UBC Reports | Vol.
50 | No. 10 | Nov.
Campus-Wide Anti-Virus Program Saves Money and Grief
By Brian Lin
It’s like a giant virtual condom that covers more than
400 hectares of land and extends its protection remotely throughout
the Lower Mainland.
The analogy may be crass, but the cost-savings -- at more
than $12 million a year in lost productivity for faculty and
staff alone -- leaves no doubt about the significance of the
first major initiative rolled out by UBC’s newly established
IT Security Office.
Starting this fall, the IT Security Office is making anti-virus
and anti-spam software available to all 50,000 UBC students,
faculty and staff free of charge. The offer also extends to
the user’s home / personal computers.
“For a community as large and diverse as UBC, spam
and viruses present not just a nuisance but a significant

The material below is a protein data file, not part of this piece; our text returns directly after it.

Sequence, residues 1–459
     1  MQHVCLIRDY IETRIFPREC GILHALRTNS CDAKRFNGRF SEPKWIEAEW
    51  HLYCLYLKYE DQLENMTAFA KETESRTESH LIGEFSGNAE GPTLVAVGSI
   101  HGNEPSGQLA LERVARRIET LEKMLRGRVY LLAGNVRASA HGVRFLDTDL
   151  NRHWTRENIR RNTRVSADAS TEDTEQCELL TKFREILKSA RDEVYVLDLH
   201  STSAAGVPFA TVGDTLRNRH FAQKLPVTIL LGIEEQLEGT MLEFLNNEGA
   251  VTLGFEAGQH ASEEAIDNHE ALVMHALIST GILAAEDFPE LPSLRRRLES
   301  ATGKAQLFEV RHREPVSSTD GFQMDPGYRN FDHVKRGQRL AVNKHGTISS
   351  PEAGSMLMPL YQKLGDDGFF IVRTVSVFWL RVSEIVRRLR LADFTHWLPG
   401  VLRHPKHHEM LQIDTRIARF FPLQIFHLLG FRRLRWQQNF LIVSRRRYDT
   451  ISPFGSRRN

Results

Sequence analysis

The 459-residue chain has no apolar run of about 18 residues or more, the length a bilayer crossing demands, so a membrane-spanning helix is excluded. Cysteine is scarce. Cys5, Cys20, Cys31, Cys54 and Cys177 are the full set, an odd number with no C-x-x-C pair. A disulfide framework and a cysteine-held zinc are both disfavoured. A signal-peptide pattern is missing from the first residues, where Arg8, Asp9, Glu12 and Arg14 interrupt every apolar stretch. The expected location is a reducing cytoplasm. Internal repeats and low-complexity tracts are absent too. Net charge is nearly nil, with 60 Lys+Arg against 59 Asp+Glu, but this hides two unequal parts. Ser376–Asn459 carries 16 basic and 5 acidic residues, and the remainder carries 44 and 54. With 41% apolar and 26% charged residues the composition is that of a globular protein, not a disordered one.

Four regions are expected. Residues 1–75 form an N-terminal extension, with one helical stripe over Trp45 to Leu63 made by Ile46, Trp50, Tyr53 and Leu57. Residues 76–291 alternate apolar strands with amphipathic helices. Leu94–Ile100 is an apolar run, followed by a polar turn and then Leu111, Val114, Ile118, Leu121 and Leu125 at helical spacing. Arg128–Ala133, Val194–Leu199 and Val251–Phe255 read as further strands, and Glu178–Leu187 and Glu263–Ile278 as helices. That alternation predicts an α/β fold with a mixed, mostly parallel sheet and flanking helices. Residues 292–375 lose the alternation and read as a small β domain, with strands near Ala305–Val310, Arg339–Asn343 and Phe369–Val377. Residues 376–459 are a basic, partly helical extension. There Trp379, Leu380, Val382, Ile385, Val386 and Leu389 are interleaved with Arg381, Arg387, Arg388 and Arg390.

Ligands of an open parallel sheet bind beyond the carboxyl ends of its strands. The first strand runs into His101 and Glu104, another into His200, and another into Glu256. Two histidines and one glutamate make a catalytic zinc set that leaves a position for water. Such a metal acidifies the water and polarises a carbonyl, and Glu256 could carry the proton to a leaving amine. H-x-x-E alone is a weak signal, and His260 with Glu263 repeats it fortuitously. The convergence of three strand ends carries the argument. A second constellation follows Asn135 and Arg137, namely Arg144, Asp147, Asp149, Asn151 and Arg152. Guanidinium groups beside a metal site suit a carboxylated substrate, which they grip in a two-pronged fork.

financial strain,” says Jens Haeusser, manager of IT
Security, who estimates 50-70 per cent of all e-mail received
at UBC is spam or virus messages.
“UBC e-mail users often spend more than 10 minutes
a day dealing with spam alone,” says Haeusser. “That,
combined with computer virus infections, makes up an estimated
$12 million in lost productivity each year.”
The software, provided by international anti-virus company
Sophos, is already being used in more than 1,500 campuses
in 30 countries. Customized to work seamlessly through UBC’s
high-speed and wireless networks, the software automatically
downloads updates every hour to protect against the latest
viruses, Trojans, worms and spyware so that “a virus
ate my homework” will no longer be a viable excuse.
Costing an estimated $500,000, the three-year program has
already met with great popularity. To date, over 3,000 copies
of the software have been downloaded.
UBC students, faculty and staff can get copies of the software
by visiting http://download.ubc.ca/.
Authentication requires a campus-wide login username and password,
which can be obtained at http://www.cwl.ubc.ca.